Polluted Fog Envelops Chinese Capital
BEIJING Heavy fog enveloped Beijing and much of north China on Monday, forcing the closure of highways, delaying flights across an area as large as Britain and lifting the pollution index in the capital to one level below hazardous.
Since the fog started late on Sunday, police had shut down parts of six highways near Beijing and a ring road on the outskirts of the city, Xinhua news agency said.
"City roads were also affected by fog, with police called out repeatedly to deal with congestion and accidents," it added. The fog was made worse by pollutants in Beijing, where coal-fired heating systems compound construction dust and exhaust from millions of automobiles in the winter months.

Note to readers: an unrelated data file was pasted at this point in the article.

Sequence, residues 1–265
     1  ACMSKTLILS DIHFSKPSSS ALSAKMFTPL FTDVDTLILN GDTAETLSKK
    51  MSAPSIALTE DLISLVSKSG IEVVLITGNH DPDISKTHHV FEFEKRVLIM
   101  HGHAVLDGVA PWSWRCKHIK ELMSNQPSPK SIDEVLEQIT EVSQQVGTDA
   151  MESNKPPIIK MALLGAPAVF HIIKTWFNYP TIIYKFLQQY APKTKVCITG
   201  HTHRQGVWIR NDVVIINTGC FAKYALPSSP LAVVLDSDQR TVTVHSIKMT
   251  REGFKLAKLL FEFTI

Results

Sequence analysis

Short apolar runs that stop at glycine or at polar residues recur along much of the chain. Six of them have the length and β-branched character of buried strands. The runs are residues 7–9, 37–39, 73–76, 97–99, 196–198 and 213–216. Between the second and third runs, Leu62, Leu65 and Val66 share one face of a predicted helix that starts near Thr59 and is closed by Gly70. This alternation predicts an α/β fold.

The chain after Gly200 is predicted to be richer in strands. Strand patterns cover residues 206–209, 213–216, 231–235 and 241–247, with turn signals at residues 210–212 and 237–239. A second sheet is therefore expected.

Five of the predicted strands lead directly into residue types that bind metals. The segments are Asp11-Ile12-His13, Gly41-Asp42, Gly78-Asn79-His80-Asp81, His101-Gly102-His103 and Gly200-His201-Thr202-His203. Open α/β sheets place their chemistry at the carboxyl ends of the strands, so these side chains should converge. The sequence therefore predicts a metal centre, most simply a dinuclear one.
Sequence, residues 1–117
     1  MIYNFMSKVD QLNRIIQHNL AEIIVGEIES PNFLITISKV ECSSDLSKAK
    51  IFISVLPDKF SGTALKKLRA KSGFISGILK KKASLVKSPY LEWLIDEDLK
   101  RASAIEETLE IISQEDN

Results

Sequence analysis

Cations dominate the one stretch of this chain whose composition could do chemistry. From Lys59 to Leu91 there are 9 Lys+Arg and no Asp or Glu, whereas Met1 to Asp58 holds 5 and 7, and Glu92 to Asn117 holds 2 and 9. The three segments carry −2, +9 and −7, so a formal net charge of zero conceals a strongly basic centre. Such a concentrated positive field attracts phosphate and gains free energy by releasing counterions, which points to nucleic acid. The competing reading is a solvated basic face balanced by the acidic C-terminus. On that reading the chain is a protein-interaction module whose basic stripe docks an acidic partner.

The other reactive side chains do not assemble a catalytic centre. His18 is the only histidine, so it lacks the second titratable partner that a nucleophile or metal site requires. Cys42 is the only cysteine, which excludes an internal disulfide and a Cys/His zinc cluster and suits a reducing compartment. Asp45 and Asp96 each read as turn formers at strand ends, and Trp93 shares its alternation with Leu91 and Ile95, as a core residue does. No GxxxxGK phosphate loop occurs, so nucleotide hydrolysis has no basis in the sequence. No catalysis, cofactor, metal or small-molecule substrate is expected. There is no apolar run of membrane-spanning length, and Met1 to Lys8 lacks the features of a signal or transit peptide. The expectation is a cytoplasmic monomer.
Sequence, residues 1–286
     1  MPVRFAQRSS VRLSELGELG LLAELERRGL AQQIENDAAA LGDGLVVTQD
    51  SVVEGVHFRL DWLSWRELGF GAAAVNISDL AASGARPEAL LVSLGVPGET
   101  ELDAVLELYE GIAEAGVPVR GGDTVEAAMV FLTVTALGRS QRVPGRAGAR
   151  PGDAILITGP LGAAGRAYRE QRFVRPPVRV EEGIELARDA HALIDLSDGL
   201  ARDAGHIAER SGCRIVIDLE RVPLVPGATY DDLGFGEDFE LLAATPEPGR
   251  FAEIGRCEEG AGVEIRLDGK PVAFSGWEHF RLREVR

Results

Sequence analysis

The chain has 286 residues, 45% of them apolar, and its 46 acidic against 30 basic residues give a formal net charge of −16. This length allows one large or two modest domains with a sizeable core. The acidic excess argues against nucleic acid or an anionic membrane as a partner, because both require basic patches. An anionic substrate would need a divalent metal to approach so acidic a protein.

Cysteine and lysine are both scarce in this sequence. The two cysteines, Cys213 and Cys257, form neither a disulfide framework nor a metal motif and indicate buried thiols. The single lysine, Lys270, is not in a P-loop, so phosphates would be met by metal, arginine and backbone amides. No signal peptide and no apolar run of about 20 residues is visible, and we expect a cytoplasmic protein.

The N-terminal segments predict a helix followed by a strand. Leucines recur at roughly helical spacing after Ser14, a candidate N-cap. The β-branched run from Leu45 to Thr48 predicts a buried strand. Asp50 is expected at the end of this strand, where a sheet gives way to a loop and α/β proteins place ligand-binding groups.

The pollution index read "poor" in Beijing, with "particulate matter" to blame. The next level up is "hazardous" and the local environment bureau advised citizens to stay indoors if possible.
The semi-official China News Service said the fog had hit an area of 218,000 square km (84,170 square miles), spanning seven provinces in the country's north and east.
Dozens of flights had been delayed, mostly those to and from cities in the coastal province of Shandong, where there had also been some flight cancellations, staff at the region's main airports told Reuters by telephone.
Visibility in parts of the provinces of Liaoning, Shandong and Jiangsu had been a mere 200 metres, delaying more than 40 flights in Liaoning's capital city Shenyang, Xinhua said.
"Heavy fog will continue to blanket northern and northeastern China on Tuesday, impacting local transport systems," Xinhua said.
But the fog was expected to ease in Beijing and in the nearby port of Tianjin, which has closed sections of eight highways but maintained normal airport operations, on Monday evening when a cold front and strong winds are forecast to arrive.